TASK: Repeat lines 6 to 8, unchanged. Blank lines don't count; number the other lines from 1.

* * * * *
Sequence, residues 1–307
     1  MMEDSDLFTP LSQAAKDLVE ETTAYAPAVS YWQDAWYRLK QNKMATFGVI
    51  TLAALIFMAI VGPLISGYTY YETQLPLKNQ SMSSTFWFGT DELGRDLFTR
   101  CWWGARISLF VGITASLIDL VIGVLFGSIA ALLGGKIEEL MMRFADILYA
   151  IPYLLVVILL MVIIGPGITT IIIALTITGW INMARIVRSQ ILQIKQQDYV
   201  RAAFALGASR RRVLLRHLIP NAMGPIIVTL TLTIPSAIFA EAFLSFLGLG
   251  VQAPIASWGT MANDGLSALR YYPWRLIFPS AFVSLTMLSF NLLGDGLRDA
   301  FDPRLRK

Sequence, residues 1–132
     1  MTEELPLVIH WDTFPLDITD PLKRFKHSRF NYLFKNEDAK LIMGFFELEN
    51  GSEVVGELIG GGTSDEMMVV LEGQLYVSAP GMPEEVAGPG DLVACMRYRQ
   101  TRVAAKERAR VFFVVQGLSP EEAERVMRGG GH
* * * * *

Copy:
   201  RAAFALGASR RRVLLRHLIP NAMGPIIVTL TLTIPSAIFA EAFLSFLGLG
   251  VQAPIASWGT MANDGLSALR YYPWRLIFPS AFVSLTMLSF NLLGDGLRDA
   301  FDPRLRK